Definition of investigate in English:

investigate

Syllabification: in·ves·ti·gate
Pronunciation: /inˈvestiˌgāt
 
/

verb

[with object]
1Carry out a systematic or formal inquiry to discover and examine the facts of (an incident, allegation, etc.) so as to establish the truth: police are investigating the alleged beating
More example sentences
  • Police investigated allegations that the incident involved violence.
  • The Home Office also revealed the Police Complaints Authority - which investigates serious incidents and allegations of malpractice - is reviewing the high accident level.
  • When the police were investigating the incident they discovered safe-breaking equipment in the dormobile.
1.1Carry out research or study into (a subject, typically one in a scientific or academic field) so as to discover facts or information: [with clause]: future studies will investigate whether long-term use of the drugs could prevent cancer
More example sentences
  • Few studies have investigated this subject in relation to Ramadan.
  • The goal of the present study was to investigate the foregoing issues.
  • Simm plays a human rights researcher investigating the plight of women being trafficked through Europe.
1.2Make inquiries as to the character, activities, or background of (someone): everyone with a possible interest in your brother’s death must be thoroughly investigated
More example sentences
  • He had the Shar woman up against the wall and was thoroughly investigating her for concealed weapons.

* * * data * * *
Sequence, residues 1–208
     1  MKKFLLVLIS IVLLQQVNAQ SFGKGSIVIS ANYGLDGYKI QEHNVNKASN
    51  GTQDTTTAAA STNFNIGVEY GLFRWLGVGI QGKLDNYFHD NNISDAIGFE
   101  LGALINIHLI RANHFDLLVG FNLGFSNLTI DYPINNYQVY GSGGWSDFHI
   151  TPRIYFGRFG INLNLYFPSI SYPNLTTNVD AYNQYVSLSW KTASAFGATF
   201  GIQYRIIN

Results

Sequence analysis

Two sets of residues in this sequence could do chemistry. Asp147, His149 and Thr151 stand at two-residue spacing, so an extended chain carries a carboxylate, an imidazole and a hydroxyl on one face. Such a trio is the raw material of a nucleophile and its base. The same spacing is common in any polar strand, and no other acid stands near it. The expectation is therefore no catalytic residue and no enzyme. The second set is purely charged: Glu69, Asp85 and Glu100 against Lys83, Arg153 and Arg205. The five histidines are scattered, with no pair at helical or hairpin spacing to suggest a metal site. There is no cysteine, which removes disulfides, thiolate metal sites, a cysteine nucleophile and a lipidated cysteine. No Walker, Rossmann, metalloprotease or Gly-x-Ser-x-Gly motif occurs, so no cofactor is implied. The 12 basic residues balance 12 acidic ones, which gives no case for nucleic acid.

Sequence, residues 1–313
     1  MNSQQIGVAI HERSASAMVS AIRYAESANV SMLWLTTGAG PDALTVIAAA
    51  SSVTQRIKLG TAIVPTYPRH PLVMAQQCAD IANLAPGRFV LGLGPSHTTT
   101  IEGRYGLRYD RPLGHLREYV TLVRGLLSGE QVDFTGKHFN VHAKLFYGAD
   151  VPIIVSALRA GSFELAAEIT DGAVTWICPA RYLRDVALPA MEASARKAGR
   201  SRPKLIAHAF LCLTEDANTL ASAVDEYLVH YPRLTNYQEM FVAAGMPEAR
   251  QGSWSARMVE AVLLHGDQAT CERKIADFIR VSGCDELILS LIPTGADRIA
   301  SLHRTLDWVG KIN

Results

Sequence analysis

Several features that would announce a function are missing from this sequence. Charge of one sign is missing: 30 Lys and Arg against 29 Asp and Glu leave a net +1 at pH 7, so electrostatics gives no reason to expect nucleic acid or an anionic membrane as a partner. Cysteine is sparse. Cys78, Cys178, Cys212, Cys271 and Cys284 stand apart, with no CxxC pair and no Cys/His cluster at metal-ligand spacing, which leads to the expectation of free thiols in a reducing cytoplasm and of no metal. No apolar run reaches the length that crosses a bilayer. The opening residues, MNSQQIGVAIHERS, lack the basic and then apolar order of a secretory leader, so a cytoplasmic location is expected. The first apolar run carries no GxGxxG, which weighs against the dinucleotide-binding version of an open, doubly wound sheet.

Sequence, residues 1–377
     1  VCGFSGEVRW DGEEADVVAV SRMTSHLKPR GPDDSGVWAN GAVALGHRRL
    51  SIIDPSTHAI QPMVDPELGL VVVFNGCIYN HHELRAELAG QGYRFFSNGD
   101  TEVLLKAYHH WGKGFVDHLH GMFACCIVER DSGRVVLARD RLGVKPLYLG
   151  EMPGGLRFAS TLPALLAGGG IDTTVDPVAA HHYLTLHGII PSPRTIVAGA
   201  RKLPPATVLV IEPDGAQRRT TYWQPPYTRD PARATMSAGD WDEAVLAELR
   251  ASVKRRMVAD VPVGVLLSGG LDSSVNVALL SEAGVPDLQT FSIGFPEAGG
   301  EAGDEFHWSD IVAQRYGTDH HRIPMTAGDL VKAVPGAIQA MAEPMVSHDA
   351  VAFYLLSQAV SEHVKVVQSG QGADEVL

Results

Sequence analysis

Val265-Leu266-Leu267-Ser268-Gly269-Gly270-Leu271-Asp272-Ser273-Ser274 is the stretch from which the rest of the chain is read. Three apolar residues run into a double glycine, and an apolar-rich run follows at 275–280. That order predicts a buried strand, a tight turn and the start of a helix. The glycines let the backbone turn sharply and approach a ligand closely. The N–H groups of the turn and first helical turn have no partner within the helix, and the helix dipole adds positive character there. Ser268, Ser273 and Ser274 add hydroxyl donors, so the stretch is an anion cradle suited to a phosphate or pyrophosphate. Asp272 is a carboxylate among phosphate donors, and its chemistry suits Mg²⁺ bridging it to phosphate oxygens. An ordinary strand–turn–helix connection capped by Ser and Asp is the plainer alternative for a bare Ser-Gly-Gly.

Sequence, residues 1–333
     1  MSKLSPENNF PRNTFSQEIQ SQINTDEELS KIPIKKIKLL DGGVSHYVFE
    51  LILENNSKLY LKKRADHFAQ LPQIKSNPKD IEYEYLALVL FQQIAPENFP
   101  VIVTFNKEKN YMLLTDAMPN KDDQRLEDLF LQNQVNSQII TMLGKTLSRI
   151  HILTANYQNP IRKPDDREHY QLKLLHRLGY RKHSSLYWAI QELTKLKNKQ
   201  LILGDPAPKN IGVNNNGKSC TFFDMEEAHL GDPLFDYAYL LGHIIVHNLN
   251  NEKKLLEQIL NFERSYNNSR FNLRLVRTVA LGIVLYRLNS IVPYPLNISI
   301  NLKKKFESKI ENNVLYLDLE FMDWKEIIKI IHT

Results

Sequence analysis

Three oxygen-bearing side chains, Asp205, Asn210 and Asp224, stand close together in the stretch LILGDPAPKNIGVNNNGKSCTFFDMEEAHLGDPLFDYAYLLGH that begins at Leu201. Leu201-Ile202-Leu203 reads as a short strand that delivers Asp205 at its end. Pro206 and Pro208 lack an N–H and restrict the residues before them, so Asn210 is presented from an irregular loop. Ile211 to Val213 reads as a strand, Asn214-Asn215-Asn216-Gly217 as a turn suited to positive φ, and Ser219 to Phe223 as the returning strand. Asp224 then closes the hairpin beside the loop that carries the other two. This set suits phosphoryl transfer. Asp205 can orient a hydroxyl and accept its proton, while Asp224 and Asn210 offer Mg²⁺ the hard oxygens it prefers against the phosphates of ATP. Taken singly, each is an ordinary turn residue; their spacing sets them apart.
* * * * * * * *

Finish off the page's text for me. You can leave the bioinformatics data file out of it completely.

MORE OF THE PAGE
• Anyone investigating me could find out that my immediate boss was named Jill.
  • We are investigating him for possible links to international gun - running.
1.3 [no object] Make a check to find out something: when you didn’t turn up, I thought I’d better come back to investigate
More example sentences
  • There's also the laboratory in which medicines are tested and illnesses investigated.
  • Tameside council auditors uncovered the payments during a routine check and may ask the Inland Revenue to investigate.
  • That is not inappropriate, if key service issues are to be properly tested and investigated.

Origin

early 16th century: from Latin investigat- 'traced out', from the verb investigare, from in- 'into' + vestigare 'track, trace out'.

Derivatives

investigatory

Pronunciation: /-gəˌtôrē/
adjective
More example sentences
  • No investigatory tribunal has ever been established for the Thatcher period.
  • Of course, there would be a need for an investigatory body to examine those professors who were attempting to hide their ideological roots in a vain attempt to cling to their tenure.
  • The regulation of investigatory powers bill, which should become law by the summer, provides the legal framework which will make Britain the greatest surveillance society on Earth.

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